PBA comments on 2017 EIA regulations consultation

PBA comments on 2017 EIA regulations consultation

16 December 2016

The Government has commenced consultation on proposed revisions to the EIA regulations for England; this follows separate consultation in Scotland and Wales. PBA has set out how the proposed regulations are likely to operate, as described in the Government’s consultation document published 14 December 2016.

The proposed regulations will come into force in May 2017 and cover major developments for which consent is being sought, primarily under the Town and Country Planning Act and the Planning Act.

The proposed regulations will impose new requirements for developers and authorities, while several of the amendments seem to add complexity or new requirements that may well make EIA even more prone to challenge. We will be responding to the consultation in the coming weeks but at this stage we consider that some of the key implications of the proposed regulations include:

  • Defining mitigation at screening: screening opinions will need to state the mitigation measures that have been allowed for to deliver a development in which environmental effects are not significant. While this helps to formalise the process of determining reasonable mitigation measures and the need for EIA, it gives rise the risk of challenge should mitigation evolve or change during a project or as part of assessment.
  • Integration with Habitats Regulations: the proposed regulations will allow integration with Appropriate Assessment required under the Habitats and Wild Birds Directives. Whilst the avoidance of duplication is welcomed, this could make the process more complicated given that the regimes have differing requirements and are undertaken by different parties.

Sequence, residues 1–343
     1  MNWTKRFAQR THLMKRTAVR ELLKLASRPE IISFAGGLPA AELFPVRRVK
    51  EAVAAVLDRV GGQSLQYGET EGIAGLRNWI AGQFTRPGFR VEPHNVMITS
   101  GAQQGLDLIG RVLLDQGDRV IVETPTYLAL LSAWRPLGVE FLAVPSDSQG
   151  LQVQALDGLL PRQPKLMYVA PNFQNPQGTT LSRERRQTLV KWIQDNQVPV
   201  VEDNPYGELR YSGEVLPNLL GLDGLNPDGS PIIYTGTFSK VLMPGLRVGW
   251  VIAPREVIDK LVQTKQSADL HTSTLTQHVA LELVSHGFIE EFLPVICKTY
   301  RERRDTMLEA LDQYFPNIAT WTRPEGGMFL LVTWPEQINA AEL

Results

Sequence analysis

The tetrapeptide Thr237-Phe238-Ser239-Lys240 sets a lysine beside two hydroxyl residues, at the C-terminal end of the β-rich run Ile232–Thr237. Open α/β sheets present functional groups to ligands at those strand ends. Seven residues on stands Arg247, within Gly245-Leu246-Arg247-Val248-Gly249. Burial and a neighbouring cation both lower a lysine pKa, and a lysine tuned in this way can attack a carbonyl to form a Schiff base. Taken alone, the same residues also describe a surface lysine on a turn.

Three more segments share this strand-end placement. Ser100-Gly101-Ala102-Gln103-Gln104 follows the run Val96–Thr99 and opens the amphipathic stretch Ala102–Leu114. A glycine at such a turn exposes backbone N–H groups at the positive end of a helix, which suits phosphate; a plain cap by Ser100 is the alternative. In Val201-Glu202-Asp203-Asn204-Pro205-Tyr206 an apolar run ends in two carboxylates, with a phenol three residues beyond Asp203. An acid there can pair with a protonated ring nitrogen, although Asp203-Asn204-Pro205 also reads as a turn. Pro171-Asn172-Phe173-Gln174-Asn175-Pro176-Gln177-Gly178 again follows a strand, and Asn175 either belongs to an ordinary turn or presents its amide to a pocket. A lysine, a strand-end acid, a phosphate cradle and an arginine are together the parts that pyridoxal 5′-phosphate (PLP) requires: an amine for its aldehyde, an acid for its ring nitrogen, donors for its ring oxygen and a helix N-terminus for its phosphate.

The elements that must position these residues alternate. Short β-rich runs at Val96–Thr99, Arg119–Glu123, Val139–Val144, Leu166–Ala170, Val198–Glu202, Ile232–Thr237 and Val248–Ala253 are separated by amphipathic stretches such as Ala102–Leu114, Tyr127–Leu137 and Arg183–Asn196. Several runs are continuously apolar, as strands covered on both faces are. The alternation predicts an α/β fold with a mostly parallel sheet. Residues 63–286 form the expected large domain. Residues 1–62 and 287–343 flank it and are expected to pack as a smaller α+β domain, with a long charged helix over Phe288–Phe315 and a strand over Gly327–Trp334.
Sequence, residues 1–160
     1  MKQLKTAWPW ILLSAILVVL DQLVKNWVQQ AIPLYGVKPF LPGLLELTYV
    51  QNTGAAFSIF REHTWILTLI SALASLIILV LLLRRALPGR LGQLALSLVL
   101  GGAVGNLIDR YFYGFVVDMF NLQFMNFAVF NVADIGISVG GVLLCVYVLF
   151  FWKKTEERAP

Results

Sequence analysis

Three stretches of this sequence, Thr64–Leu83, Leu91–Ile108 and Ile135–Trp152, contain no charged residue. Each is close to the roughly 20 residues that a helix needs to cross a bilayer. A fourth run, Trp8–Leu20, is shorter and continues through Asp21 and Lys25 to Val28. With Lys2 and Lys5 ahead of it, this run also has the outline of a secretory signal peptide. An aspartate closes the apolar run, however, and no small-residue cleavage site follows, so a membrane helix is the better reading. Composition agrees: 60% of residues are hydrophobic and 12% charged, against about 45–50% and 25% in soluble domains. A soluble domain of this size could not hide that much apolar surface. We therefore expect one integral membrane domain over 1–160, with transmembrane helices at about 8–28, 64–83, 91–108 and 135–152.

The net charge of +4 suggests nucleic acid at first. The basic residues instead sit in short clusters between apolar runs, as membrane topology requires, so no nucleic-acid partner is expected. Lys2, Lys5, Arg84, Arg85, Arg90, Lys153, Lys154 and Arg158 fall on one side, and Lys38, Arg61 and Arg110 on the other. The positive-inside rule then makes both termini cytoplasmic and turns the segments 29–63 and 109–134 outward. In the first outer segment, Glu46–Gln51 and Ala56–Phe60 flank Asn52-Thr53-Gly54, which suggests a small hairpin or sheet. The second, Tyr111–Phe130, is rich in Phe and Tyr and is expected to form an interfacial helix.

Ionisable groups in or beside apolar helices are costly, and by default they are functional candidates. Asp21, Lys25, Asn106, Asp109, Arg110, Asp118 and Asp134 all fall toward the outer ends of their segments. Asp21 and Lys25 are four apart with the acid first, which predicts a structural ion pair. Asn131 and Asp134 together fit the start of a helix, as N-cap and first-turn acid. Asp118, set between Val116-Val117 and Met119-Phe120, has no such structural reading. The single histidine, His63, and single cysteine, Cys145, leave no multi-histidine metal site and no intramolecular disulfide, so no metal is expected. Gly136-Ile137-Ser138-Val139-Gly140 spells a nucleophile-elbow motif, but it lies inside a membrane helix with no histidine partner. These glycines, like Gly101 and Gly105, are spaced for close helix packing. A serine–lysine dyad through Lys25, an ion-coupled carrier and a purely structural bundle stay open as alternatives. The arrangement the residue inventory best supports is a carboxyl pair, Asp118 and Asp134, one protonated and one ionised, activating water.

• Competent experts: Environmental Statements will need to be prepared and reviewed by “competent experts”. Who or what constitutes a competent expert is not defined and will no doubt be tested and challenged, while extending the requirement to the review of an Environmental Statement is an additional burden for LPAs and perhaps a further area of challenge if an LPA has been unable to draw upon suitable expertise.
  • Up-to date: the regulations will reinforce that environmental information needs to be up-to-date at the time of a final decision. This is likely to require updated assessments and confirmatory information when there has been a lengthy determination period or a material gap between determining an application and, for example, finalising legal agreements.
  • Monitoring: the regulations will include a new requirement for the monitoring of likely significant effects. Such a requirement will allow stakeholders to better understand the environmental outcomes of projects, but will add cost and complexity for developers. In particular, the monitoring of operational effects of multi-phase, multi-developer strategic schemes will no doubt present a challenge. It will also be interesting to see the remedies which are reached if monitoring demonstrates that a prediction made in the ES is incorrect!

The proposed regulations will include transitional arrangements, such that projects which have commenced under the 2011 Regulations will continue under that regime.

To discuss how your projects may be affected by the proposed regulations or to participate in our consultation response please get in touch with:

PBA is a founder member of the Institute of Environmental Management and Assessment’s EIA Quality Mark for excellence in EIA.